MILWAUKEE (WITI) -- Students at more than 50 medical schools across the country on Wednesday, December 10th hosted "die-ins" to protest the lack of indictments for police officers in the officer-involved deaths of Michael Brown in Ferguson, Missouri and Eric Garner in New York -- and the Medical College of Wisconsin was one of the schools hosting a #BlackLivesMatter demonstration. The purpose of the demonstration was to spotlight racial bias as a public health issue.
"As medical students, we're not exempt to what's going on in today's society," "die-in" organizer Brittany Mays told FOX6 News.
Students at the Medical College of Wisconsin in Milwaukee joined students throughout the country in what's known as a "white coat die-in" -- an effort to display their disapproval of the way police deal with certain situations involving people of color.
"My one friend mentioned to me, and she actually made a sign that said, 'why is my biggest fear the thought of having a African-American son in this country?'" Mays said.
Mays says the high-profile police killings of Michael Brown and Eric Garner have motivated folks across the country.
"We are in solidarity number one, with our fallen brothers in this hard time of need," Mays said.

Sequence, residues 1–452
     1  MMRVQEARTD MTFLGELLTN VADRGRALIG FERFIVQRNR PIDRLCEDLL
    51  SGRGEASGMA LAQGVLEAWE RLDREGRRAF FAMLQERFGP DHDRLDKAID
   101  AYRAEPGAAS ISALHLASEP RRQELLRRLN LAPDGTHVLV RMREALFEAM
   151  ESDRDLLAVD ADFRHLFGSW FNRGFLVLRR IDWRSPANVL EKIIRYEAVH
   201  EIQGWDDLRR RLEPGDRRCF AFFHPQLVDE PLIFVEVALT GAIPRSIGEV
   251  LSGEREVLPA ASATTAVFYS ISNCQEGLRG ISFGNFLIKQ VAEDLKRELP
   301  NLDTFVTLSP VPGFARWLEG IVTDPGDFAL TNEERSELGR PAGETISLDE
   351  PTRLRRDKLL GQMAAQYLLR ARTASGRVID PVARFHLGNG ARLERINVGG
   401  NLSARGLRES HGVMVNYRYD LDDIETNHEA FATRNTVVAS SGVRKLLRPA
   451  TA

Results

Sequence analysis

Wearing their white coats, more than four dozen medical students hosted their "die-in" in the front hall of their college's Heath Research Center, spending 20 minutes sprawled out and silent.
"We did 20 minutes because we wanted people to get the point of, like, just bodies laying in the street after the police brutality has occurred," Mays said.
A Medical College of Wisconsin spokesperson says the school supports the students' rights to stage the demonstration.
"It's great to see people really caring about this kinda thing because especially as a white student, you gotta go through life and you don't really think about race at all, and some people don't have that privilege. It's nice to have people come here and take 20 minutes out of their day and really kinda think about that kind of thing," Nick McCauley said.
While this show of support featured silence, Mays says she's hoping that it serves to encourage constructive conversations.